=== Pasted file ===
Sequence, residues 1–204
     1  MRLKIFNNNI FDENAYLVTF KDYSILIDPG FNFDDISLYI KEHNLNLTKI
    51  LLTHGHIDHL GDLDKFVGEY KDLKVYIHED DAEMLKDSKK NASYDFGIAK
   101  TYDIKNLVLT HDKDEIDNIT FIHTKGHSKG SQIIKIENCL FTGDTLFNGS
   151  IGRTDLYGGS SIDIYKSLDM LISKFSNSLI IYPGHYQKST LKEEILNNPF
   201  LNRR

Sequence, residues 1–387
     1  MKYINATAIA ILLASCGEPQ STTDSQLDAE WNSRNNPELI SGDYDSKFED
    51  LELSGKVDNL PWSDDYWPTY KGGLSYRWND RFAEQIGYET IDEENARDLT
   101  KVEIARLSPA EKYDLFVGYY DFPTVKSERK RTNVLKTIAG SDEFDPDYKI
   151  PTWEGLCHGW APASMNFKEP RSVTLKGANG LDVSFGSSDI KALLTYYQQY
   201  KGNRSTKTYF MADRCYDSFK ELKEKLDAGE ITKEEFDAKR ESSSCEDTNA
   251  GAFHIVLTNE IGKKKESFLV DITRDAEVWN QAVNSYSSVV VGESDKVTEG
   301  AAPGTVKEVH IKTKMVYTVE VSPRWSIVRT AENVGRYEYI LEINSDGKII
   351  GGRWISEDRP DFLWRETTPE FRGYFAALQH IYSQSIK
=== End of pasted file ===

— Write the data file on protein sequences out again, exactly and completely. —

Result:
Sequence, residues 1–204
     1  MRLKIFNNNI FDENAYLVTF KDYSILIDPG FNFDDISLYI KEHNLNLTKI
    51  LLTHGHIDHL GDLDKFVGEY KDLKVYIHED DAEMLKDSKK NASYDFGIAK
   101  TYDIKNLVLT HDKDEIDNIT FIHTKGHSKG SQIIKIENCL FTGDTLFNGS
   151  IGRTDLYGGS SIDIYKSLDM LISKFSNSLI IYPGHYQKST LKEEILNNPF
   201  LNRR

Sequence, residues 1–387
     1  MKYINATAIA ILLASCGEPQ STTDSQLDAE WNSRNNPELI SGDYDSKFED
    51  LELSGKVDNL PWSDDYWPTY KGGLSYRWND RFAEQIGYET IDEENARDLT
   101  KVEIARLSPA EKYDLFVGYY DFPTVKSERK RTNVLKTIAG SDEFDPDYKI
   151  PTWEGLCHGW APASMNFKEP RSVTLKGANG LDVSFGSSDI KALLTYYQQY
   201  KGNRSTKTYF MADRCYDSFK ELKEKLDAGE ITKEEFDAKR ESSSCEDTNA
   251  GAFHIVLTNE IGKKKESFLV DITRDAEVWN QAVNSYSSVV VGESDKVTEG
   301  AAPGTVKEVH IKTKMVYTVE VSPRWSIVRT AENVGRYEYI LEINSDGKII
   351  GGRWISEDRP DFLWRETTPE FRGYFAALQH IYSQSIK